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Posted Dec 10, 2008 14:13 UTC (Wed) by corbet (editor, #1)
In reply to: Dueling performance monitors by zooko
Parent article: Dueling performance monitors

Oprofile is a profiler - it tells you where your program is running. Performance monitors tell you more about why it's running in a particular area. With a performance monitor, you can, for example, determine whether a reorganization of a data structure reduces cache misses or not. It's a different level of information.

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Posted Dec 10, 2008 14:49 UTC (Wed) by zooko (guest, #2589) [Link]

Could you tell me more? I still don't understand what a performance monitor tells you that oprofile doesn't. I've been thinking of implementing a high-performance data structure, and I always figured that to measure such things as cache misses I would use oprofile and tell oprofile to report which instructions were executing just before cache misses.

Maybe I just need to read the documentation of these here "performance monitor" thingies.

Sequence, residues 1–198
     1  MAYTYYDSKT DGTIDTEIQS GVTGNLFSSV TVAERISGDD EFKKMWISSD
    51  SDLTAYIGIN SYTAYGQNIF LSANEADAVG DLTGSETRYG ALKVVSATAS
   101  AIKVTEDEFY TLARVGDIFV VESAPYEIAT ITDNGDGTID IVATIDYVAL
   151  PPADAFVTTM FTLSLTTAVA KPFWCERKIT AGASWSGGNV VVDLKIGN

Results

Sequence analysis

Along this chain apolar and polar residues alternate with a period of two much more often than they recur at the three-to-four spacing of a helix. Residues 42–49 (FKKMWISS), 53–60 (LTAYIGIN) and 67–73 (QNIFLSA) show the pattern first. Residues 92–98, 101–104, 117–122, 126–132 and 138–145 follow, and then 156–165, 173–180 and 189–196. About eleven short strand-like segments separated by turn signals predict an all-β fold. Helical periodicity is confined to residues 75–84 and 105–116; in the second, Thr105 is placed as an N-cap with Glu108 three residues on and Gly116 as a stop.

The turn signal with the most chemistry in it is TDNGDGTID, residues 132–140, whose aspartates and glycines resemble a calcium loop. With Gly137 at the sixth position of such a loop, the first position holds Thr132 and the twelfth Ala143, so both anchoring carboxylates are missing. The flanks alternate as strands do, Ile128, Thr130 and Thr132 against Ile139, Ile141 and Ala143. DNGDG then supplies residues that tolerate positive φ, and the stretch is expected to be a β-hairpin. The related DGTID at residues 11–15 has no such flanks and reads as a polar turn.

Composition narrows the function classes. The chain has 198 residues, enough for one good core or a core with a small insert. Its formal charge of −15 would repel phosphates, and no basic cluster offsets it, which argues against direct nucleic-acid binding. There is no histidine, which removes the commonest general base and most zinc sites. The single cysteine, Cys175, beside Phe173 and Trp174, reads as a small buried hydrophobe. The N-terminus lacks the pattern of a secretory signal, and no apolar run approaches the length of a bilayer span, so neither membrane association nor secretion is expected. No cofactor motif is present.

Posted Dec 10, 2008 16:16 UTC (Wed) by graydon (guest, #5009) [Link]

The original article is incorrect when it says "there has never been support for this kind of performance monitoring in the mainline kernel". Oprofile provides access to these performance counters already, and has since mid-2.5 development. I use it every few days on stock 2.6 distro kernels. It doesn't provide, say, the BTS and PEBS buffers; but you usually don't have to go quite that far down. If you're looking for hotspots in terms of CPI, bus traffic, unusual FPU conditions, cache miss or branch mispredict counters, you're just fine with oprofile.

Perfmon is a separated "drivers and API only" layer that you can run various profilers and tools on top of. It also gets you a little further into the really hairy monitoring hardware (PEBS/BTS), beyond the event counters. Essentially it's the layer of very machine-dependent guts that (proprietary) vtune and (free) oprofile both duplicate parts of, along with a rich programmatic interface. You can run oprofile on top of perfmon if you like. Or the two can simply co-ordinate their access to the same performance counters.

For normal developers, this is mostly all plumbing. If you want to work with hardware performance counters, you've been able to via oprofile on normal linux machines for the past 5 years or so (IIRC it landed early 2003). Current oprofiles have all sorts of additional higher-level machinery (call graph profiling, a JIT API, the ability to work with xen domains, etc.)


Posted Dec 10, 2008 17:14 UTC (Wed) by fuhchee (guest, #40059) [Link]

If anything, the ingo/gleixner scheme seems to be solely a sampling-oriented tool, and thus in reality more of a competitor to oprofile than to perfmon.

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